Two NYU Tandon School of Engineering teams are advancing to the national finals in their respective competitions this month after assembling some cleverly designed projects.
Listening to Julia Langewis, co-captain of the school’s Steel Bridge Competition team, can put one at ease when thinking about the future of our nation’s infrastructure.
“There are certain height specs in the competition,” she said. “[The bridge can be] a maximum of five feet tall and each piece has to be three feet [long]. It has to support a static load of 2,400 pounds and we’re judged on how fast it takes to assemble, how much your bridge moves and how many builders you had.”
Though the team is large, they went with four builders on competition day and assembled the bridge in 18 minutes and 30 seconds. Langewis worked with the previous year’s captain to get a basic design and then the team went to work tinkering with it and improving it. The team modeled the bridge in a software program and brought the design to some professors, who offered advice on where there might be stress points and what might need reinforcing.
The national finals of the Steel Bridge Competition are May 27-28 at Brigham Young University in Provo, Utah. It’s the first time in the school’s history that an NYU engineering team has made the national finals.
“We’re going to modify it a little bit,” Langewis said. “We have some areas we need to get fixed, we had some penalties so we’re going back into the lab and putting in a little more work.”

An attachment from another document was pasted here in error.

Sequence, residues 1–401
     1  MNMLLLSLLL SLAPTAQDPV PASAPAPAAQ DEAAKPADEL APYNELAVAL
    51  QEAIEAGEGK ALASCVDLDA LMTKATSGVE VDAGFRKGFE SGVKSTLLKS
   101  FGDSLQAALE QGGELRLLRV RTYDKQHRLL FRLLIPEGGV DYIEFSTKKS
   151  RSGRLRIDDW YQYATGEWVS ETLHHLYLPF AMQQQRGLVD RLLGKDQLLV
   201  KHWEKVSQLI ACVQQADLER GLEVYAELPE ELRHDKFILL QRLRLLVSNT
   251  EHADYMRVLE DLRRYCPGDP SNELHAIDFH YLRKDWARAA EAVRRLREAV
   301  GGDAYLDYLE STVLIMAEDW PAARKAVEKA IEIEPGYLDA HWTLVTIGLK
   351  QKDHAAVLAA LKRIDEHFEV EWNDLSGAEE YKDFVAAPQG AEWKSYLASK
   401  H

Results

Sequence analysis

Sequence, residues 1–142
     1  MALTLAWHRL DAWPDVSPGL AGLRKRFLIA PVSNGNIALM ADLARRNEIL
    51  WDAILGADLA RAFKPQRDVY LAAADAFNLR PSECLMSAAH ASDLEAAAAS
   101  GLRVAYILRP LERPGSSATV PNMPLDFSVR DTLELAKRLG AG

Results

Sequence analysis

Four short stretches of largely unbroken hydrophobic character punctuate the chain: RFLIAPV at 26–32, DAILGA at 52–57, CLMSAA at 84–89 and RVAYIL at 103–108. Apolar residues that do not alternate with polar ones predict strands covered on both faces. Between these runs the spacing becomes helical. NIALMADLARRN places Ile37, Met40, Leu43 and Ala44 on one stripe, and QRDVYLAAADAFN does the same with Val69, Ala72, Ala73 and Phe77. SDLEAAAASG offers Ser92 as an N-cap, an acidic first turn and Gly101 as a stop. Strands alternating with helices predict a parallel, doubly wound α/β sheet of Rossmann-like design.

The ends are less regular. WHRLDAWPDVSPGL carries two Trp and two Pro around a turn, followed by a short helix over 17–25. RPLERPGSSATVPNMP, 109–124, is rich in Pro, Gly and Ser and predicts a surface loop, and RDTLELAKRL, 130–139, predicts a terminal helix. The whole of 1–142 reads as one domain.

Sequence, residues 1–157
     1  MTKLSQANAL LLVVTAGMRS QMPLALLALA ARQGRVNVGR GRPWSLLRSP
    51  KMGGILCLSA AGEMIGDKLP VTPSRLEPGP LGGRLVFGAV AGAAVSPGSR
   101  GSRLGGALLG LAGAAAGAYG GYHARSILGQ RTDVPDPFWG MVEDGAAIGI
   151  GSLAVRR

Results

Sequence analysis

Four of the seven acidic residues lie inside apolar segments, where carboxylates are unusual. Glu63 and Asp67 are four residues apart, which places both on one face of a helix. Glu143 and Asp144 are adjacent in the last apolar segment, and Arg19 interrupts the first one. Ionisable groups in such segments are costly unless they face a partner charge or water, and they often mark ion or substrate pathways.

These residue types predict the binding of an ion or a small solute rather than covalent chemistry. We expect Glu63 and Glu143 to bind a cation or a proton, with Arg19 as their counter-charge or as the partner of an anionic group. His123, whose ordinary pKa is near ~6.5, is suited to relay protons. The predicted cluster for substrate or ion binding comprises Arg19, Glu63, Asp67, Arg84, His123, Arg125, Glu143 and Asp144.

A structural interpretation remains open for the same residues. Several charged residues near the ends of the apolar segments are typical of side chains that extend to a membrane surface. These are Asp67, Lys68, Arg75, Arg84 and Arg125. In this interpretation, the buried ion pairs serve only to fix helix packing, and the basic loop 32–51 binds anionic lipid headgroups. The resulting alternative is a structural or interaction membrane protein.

Not to be outdone, another Tandon team won their regional competition and will also advance to the nationals. Co-captain Cliff Cheng led his classmates in the ASCE Concrete Canoe Challenge, building a 20-foot long canoe made out of concrete and carbon-fiber mesh.
“Usually when people think of concrete they think of pavement, which is super dense,” Cheng explained. But the team mixed in recycled glass on the outside of the canoe and a lightweight concrete with air bubbles in it on the inside. The mixture was a clever way to reduce the density of the boat’s materials and also make it look shiny and cool.
“Flotation comes from the amount of fluid you displace, and because the canoe is so big it displaces enough water, which is the same reason ships made of steel are still able to float,” Cheng said.
A new rule in the competition this year was that teams were not allowed to use paint to decorate their canoes. But the clever undergrads figured that as a replacement, they could mix into the concrete colored compounds to achieve a similar result.
“We found these various minerals to add into the concrete so we had a colored concrete mix,” Cheng said. “We had a white, which is titanium oxide. All different types of metals. The other thing we tested out was embossing. We made these stencils and filled them with colored concrete and you would have different levels to the pigment so we had different stencils and made koi fish.”
Now that’s ingenuity.
The final competition will take place in June in the exceptionally well-named city of Tyler, Texas.
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